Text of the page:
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Different mental models become significant when staff from teams or groups with significant differences in training or experience work together.
SILO THINKING Most service industries deliver services via discrete service teams and healthcare is no different. General practice is a silo but so too are individual practices, and so too are individual GPs. Acute hospital services, outpatient clinics, out-of-hours services, 111 services, walk-in centres and pharmacies – all represent a different potential silo. Individual patients pass in and out of different silos either via referral or by self-selection and each silo will have a view on how other silos have managed the patient up until now. In an ideal world the different silos would all recognise that they are but interlocking pieces of a greater system that has the interests of the patient at its heart. Cooperation and support would rule, all in the interests of providing the best service to the patient. Very often this does happen, of course, but at times of pressure there is a tendency to retreat into our silos and batten down the hatches. Referrals from colleagues become a burden and patients who self-refer are simply highlighting the inadequacies of other silos that should have been doing a better job dealing with the patient. Silo thinking does exist in healthcare and it can prejudice anyone when it comes to communicating with colleagues. Consider silo thinking where two different services have communicated or miscommunicated about a patient. Any failings in communication should trigger a consideration of whether prejudices or misperceptions about the function of another service may have been a factor.
Silo thinking case study The wife of a 42-year-old male calls 111. Her husband developed a flu-like illness 36 hours ago. There is a lot of influenza present in the community. He has become increasingly moribund with a severe headache, neck stiffness, and vomiting. A health adviser completes an NHS Pathways headache assessment and reaches an outcome of an emergency ambulance disposition. NHS Pathways cannot exclude meningitis as a cause of symptoms. At the ambulance-control clinical desk, a decision is made to re-assess the call in view of the patient’s age. After a review of symptoms, a decision is made that the man is suffering from influenza. The call is passed from the ambulance service to the local GP out-of-hours service. A busy GP visits six hours later and finds the patient to be moribund and calls an emergency ambulance. The patient dies later that night of meningitis. Cognitive biases such as expectation bias and confirmation bias were evident in the paramedic assessment of symptoms but at the heart of the case was a silo mentality in which overstretched clinical staff within an ambulance service were encouraged to re-assess any emergency disposition generated by the 111 service because of a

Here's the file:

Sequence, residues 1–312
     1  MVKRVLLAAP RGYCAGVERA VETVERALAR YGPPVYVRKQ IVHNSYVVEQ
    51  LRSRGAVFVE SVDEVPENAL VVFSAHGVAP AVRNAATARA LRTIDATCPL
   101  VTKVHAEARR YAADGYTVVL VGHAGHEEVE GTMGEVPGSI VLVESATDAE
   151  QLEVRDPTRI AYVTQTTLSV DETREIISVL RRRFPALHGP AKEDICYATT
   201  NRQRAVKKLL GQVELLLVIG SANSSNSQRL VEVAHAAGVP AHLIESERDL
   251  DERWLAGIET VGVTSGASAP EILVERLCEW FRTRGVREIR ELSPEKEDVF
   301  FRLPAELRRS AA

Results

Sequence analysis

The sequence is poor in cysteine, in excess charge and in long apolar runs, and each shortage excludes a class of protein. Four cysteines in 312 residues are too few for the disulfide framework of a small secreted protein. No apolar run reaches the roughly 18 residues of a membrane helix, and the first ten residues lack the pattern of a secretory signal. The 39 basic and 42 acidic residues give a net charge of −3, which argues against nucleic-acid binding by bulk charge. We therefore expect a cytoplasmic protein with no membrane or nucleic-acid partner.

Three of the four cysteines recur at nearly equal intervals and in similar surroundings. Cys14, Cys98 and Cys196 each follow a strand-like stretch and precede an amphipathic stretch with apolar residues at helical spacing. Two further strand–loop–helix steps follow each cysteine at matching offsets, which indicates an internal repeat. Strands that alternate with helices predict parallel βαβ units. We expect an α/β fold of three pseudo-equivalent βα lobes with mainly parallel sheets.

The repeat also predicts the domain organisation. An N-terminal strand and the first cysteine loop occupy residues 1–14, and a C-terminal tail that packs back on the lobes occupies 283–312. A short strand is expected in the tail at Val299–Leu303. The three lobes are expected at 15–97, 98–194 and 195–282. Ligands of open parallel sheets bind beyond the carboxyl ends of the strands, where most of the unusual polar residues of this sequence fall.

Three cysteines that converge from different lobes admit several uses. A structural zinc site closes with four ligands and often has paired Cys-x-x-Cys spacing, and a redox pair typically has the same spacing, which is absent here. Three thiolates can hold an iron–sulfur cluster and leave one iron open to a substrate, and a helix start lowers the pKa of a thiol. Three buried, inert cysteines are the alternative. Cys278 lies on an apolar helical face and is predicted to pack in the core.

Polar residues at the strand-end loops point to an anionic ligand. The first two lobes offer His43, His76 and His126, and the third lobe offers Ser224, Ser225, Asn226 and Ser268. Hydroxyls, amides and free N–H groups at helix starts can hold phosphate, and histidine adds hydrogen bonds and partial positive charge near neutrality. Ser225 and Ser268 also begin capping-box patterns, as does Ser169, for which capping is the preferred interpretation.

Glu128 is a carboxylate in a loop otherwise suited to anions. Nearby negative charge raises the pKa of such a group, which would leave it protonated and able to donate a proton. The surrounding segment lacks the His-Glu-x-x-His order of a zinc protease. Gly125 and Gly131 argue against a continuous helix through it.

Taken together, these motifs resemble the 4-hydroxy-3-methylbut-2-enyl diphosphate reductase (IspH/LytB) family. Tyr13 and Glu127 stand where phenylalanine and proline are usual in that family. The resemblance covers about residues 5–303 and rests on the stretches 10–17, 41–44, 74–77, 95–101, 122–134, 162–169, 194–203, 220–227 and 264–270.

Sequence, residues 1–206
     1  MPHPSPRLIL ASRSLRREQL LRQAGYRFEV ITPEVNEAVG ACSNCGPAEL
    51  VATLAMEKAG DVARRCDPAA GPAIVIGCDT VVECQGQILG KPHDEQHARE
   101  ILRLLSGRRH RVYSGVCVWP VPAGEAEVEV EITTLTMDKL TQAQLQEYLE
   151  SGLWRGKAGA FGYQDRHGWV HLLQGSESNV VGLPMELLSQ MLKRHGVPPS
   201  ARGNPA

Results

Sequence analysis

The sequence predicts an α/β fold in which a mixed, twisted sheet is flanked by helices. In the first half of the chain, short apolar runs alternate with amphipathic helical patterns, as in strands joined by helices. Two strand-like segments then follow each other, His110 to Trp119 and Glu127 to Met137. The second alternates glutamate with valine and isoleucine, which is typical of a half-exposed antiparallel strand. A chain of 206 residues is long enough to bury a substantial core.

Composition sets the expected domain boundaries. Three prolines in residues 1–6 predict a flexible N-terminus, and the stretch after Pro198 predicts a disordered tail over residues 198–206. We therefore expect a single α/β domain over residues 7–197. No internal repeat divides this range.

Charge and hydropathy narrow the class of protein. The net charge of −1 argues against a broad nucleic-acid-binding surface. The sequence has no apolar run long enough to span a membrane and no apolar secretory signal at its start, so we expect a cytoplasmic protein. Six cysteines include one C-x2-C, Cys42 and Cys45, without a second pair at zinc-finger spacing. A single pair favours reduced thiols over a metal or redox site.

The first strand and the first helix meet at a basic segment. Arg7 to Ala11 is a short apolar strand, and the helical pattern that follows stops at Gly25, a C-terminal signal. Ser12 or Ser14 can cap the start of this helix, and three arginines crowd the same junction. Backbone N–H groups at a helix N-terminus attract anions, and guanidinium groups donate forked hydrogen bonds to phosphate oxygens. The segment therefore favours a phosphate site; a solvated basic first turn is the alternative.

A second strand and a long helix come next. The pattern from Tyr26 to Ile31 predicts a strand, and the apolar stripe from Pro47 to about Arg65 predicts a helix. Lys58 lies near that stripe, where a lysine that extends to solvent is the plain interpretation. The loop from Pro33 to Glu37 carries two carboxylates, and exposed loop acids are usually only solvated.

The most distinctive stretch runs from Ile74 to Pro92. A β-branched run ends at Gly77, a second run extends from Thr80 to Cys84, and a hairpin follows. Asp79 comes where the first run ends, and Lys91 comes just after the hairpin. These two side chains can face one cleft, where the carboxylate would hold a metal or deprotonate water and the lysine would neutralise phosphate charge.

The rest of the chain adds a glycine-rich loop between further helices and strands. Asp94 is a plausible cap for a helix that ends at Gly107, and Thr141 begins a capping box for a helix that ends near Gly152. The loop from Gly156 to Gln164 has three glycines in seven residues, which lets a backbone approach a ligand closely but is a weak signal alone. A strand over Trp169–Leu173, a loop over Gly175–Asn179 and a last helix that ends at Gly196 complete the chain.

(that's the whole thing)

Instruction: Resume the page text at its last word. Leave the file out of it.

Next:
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lack of faith in the accuracy of 111 dispositions. One silo did not trust the judgement of another.
GROUP THINKING Groups and teams will develop a culture and ethos either by design or by default. An individual working regularly within a team will tend to take on the culture and thought processes of that team. On the other hand, a group of people meeting together for the first time may rapidly reach a state in which they collectively think and act in a way that is outside the norm for many of the individuals within that group. Individuals may make decisions or act in ways that are contrary to what they would normally think or do because of rationalisations such as ‘well that is the way we do it here’ or, ‘I am not sure, I am just going with the flow’. The ‘choice’ to act or think may not even be a conscious decision. Encouraging group thinking is an excellent way of building resilience and a culture of excellence into teams but it requires a conscious and sustained effort to maintain it. Group thinking is subject to the phenomenon of regression to the mean and group think can become negative under the influence of dominant personality types within a group. Consider group think whenever a team or group of individuals act together in a way that is negative or contrary to what would be expected.